Thread: unimig jasic welders
10th Feb 2009, 09:51 PM #1
unimig jasic welders
has anyone had any experience with these, you can get them as a black badged unimg box or for 400 cheaper you can get thesame welder in an orange box, im chasing a relatively portable welder for aluminium which means inverter and norstate gas recommended these,as a plus they also do mma and scratch tig
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10th May 2009, 08:27 PM #2
Jasic TIG welders
You're right, the orange box option is a lot cheaper than the black (they both have the"Jasic" name on them and appear identical) bought one last year on line and had it delivered to home near Wodonga, complete with foot remote control for $1185 from memory. To date I am very pleased with its performance on both DC (s/steel) and AC (aluminium) having done a range of work on both Al castings and sheet - boat hulls. A mate who is a welding inspector and pressure welder is also very impressed. Built a custom trolley for it and to date am very happy with its performance - the welder as well as the trolley! You mentioned scratch TIG, if fact these machines are hot start on AC! Your choice.
hope this helps
Last edited by piney; 10th May 2009 at 08:31 PM. Reason: extra info
13th May 2009, 03:15 PM #3
I'm by no means a pro and haven't used any other welder so can't compare but it seems to be doing the job. Also not sure which jasic you may be referring to as they do a fair range..
13th May 2009, 07:40 PM #4
The model I bought was the 200 Amp AC/DC square wave TIG/stick
13th May 2009, 07:57 PM #5
I got a unimig from "tool specialist" cause they were cheeper , Mine is the 200 ac/dc same as yours and is identical to the jasic , last year boc were selling the same unit rebadged under one of their brands and it was dearer again but looked the same and the specs were identicalAshore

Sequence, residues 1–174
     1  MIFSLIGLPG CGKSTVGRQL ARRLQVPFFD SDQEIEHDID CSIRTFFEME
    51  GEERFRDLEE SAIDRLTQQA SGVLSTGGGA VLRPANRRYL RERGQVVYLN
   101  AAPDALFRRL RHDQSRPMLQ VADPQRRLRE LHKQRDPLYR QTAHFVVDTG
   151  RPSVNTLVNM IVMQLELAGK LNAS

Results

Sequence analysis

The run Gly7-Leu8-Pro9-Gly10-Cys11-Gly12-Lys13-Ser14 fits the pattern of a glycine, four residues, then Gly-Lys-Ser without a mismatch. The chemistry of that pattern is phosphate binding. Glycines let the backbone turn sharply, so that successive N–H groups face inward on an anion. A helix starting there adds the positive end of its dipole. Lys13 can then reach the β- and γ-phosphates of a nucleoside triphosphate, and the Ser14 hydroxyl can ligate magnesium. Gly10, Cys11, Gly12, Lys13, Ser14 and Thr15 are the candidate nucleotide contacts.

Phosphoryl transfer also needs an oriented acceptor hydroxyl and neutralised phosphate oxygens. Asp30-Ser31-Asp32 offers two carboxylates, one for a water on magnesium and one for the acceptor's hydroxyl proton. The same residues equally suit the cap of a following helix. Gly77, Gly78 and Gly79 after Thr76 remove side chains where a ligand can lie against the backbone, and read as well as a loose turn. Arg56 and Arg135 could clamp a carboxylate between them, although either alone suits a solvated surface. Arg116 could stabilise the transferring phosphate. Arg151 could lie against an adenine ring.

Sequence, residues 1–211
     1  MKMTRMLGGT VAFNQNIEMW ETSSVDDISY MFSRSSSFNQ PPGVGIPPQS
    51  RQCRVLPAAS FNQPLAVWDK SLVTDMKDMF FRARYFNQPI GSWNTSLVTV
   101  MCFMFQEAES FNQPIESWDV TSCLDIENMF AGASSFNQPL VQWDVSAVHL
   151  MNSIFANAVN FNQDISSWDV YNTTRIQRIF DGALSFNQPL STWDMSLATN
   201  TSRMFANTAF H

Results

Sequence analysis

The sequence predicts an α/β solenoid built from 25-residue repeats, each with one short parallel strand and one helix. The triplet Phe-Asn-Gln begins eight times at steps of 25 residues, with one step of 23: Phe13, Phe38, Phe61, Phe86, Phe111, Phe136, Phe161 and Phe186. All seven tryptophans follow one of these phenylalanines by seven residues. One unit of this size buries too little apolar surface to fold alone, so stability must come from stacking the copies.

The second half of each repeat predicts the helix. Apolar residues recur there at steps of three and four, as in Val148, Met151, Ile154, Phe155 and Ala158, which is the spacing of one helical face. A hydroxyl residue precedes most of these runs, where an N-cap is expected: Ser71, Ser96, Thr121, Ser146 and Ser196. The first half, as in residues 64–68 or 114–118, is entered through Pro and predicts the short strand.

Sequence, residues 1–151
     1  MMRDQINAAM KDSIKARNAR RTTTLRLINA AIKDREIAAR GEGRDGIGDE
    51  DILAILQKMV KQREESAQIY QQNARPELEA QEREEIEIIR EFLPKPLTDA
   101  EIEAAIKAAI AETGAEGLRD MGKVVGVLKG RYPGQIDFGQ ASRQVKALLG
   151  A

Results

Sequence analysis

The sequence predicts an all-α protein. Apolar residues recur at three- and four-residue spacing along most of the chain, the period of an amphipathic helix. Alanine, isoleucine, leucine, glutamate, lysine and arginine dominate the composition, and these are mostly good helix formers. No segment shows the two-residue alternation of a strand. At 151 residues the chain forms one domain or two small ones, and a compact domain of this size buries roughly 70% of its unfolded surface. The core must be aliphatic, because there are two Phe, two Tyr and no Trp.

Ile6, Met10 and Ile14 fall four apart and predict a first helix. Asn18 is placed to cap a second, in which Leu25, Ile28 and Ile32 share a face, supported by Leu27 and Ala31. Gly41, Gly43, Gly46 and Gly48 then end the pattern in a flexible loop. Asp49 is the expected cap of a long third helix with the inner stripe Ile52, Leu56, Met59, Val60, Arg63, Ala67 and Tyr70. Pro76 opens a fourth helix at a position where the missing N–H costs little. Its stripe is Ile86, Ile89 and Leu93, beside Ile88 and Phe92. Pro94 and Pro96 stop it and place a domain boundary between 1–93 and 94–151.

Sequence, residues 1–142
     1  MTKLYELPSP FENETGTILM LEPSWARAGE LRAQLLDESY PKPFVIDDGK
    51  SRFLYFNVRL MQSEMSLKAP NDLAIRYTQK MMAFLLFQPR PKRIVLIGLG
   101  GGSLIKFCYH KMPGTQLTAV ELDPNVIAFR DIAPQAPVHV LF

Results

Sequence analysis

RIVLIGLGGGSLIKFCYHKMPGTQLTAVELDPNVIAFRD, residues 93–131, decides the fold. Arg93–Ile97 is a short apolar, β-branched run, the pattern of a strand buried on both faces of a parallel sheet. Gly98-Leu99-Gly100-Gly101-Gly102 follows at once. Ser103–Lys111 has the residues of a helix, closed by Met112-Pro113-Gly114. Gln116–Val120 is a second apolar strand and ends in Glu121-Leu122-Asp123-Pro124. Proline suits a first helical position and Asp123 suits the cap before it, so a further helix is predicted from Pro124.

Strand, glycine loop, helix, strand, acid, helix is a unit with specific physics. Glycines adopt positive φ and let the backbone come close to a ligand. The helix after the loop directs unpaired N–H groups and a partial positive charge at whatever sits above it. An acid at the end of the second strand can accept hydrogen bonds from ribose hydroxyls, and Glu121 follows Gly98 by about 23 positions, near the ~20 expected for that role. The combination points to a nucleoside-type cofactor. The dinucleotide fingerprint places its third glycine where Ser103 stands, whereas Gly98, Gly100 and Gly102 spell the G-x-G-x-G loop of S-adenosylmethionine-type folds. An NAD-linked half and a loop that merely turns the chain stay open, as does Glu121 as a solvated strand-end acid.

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13th May 2009, 08:41 PM #6
I believe northerncat may be referring to the mig inverter machines by the way it is described mma ans scratch start tig.
the mig inverters can mig aluminium just like a traditional transformer type machine.
they can mma as well, and can scratch start tig on DC only, not AC as far as I know.
if there is a downside, they cannot reach low amps on dc tig and do require a decent circuit to run off, I think the 250 inverter requires somewhere around about 32 amp rated circuit breaker (please all the electricians or those who think they understand electricity dont bite my head off about 32 amp circuit breaker 15 amp plug and cabling that may or may not be required to upgrade and licencing and standards and all that etc etc etc, im not an electrician and i dont pretend to be an electrician or offer any advice to anybody regarding electrical installations, just stating what i think is the case regarding this specific type of welder).
14th May 2009, 06:24 PM #7
I think what you say is right. I draw from a dedicated circuit breaker rated at 32 amps I think, as you say - but I am not home to look at the moment. This in turn is part of a sub board that has 40 amps available. This machine and others kept tripping out a standard 15 amp circuit. Power supply is a bit like sheds, they're just never big enough! Three phase would be great - at a price, as my wife says "keep dreamin"
Last edited by piney; 14th May 2009 at 06:26 PM. Reason: typo
14th May 2009, 06:31 PM #8
I have a Jasic MIG 250 in the shed, I have managed to unpack it but as yet, I haven't had a chance to use it.
It has a 15amp Plug & I have a 15amp socket on my switchboard but it only has a 16amp breaker on it.
I'll let you know what happens.... soon I hope.Cliff....if all you have is a hammer, everything looks like a nail...
14th May 2009, 11:39 PM #9
power supplies still
I will be keen to know how you get on Cliff, you should be able to run this up on spray transfer for thicker metal in the downhand position. I have also been running a WIA 205S MIG for 14 years, which at the time was about the highest amperage available in single phase. Runs well, but will not quite go to spray transfer running 0.9 mm wire using Argoshield light, a hotter gas may solve this, but for most of the light fabrication that I do the existing set up serves me well - mostly sheetmetal, purlin and SHS work up to 3 mm thick. I bought two WIA 250 single phase MIG's at the college where I work, these run beautifully in spray on 0.9 with Argo light, but are a much more expensive machine.
Let me know how you get on when your machine is unpacked and up and running!
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